MIDTOWN, Manhattan — It's a federal holiday celebrated by more people in New York City — up to a million — than in any other city in the world. However, on Monday, a few thousand people in another part of the city very openly stated that Columbus Day should be spent in ways other than promoting the first European explorer of his era to reach North America.
Instead, they celebrated Indigenous Peoples Day, as part of a larger and growing movement that's causing some controversy, but is also gaining some support on some surprising circles.
The million event goers were lined up along Fifth Avenue from midtown to the Upper East Side. The scene was a noteworthy contrast to where people were in attendance by the thousands, for a very different event. The Indigenous Peoples Day Celebration on Randall's Island was the first Native American pow wow in Manhattan since Europeans first settled here 400 years ago. Randall's Island, even though it's separated from Manhattan by the Harlem River, is officially part of the borough.
The Native American cultural event, which lasted throughout the three-day weekend, definitely did not promote the man whose name is most closely associated with this day.
"Through his own writing, through his own words," Indigenous Peoples Day organizer Cliff Matias said about Christopher Columbus, "rape, pillage, murder, genocide."
It is true that Columbus' journals show that he enslaved native people, sometimes under very brutal conditions. His writings even indicate that he condoned human sex trafficking, some of it involving children.
However, back at the parade, the Italian flags, the banners written in Italian and the statements of elected officials showed that the event was about Italian-American pride, despite it being named after the Italian explorer.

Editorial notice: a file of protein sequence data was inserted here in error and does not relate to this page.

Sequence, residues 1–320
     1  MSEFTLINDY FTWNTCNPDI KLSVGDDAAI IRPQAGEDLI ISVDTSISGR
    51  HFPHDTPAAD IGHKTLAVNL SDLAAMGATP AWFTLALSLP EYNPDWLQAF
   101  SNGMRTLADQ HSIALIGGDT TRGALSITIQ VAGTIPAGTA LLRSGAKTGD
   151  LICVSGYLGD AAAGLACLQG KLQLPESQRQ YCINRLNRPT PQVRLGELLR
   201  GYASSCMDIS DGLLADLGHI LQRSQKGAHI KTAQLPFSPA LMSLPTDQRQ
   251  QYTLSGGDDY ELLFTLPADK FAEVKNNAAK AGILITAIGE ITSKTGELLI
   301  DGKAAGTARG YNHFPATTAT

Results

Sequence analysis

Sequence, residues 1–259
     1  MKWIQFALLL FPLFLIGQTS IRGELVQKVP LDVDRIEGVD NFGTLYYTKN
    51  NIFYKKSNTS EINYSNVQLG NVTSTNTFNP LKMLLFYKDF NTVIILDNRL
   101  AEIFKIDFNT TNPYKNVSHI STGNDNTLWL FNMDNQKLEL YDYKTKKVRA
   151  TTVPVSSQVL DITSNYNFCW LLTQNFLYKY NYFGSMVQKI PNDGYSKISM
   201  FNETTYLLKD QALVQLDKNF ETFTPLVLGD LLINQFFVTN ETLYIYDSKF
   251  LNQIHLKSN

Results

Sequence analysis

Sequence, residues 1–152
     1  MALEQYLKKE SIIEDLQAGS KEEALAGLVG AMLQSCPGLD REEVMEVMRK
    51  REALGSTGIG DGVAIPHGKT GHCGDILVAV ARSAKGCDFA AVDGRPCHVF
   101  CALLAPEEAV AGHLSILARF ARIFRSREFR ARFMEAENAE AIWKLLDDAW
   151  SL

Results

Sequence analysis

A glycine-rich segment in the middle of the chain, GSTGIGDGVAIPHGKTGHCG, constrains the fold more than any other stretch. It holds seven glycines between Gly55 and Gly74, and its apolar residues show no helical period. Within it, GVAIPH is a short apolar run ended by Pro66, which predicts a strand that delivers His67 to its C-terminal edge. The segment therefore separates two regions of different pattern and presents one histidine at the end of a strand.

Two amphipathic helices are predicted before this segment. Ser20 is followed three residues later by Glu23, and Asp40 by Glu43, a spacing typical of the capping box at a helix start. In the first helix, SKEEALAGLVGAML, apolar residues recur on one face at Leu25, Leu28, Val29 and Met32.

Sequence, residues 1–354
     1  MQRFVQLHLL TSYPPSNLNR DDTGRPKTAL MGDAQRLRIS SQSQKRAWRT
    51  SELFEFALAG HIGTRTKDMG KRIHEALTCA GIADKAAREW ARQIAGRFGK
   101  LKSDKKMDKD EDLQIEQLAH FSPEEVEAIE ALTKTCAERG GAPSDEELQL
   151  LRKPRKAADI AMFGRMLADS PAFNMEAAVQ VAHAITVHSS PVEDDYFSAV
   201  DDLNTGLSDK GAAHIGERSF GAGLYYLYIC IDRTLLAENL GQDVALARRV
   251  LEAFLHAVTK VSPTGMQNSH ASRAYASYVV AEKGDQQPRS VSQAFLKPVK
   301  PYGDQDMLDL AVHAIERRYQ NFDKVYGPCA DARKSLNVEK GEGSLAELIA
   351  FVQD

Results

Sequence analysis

"Today, everybody's Italian!" Senator Charles Schumer shouted through an electric megaphone. "And today my name's not Schumer, it's Shuma!"
When asked to comment on the Indigenous Peoples Day celebration, the senator told PIX11 News, "Look, everyone's entitled to believe what they want, but I'm not going to denigrate Italian Americans." Then he went on, in the perfect weather, waving his Italian flag down the parade route.
But organizers of Indigenous Peoples Day say they're not anti-Italian-American at all. They said they're anti-Christopher Columbus.
"Knowing the atrocities he himself stated he did," said Roberto Mukaro Borrero, an event organizer, "Why would we celebrate this day?"
He said he strongly favored more an Italian-American heritage celebration. "They have better role models than Columbus," he said.
But must the two events be opposed? The answer came from event goers themselves.
"We support them," said Bill Kapowski, who was at the parade with his wife, Lisa Delmonico. They said that they are proud to show their Italian heritage, but also acknowledged that other Americans need to embrace theirs as well. That includes "our Native American brothers and sisters," Kapowski said.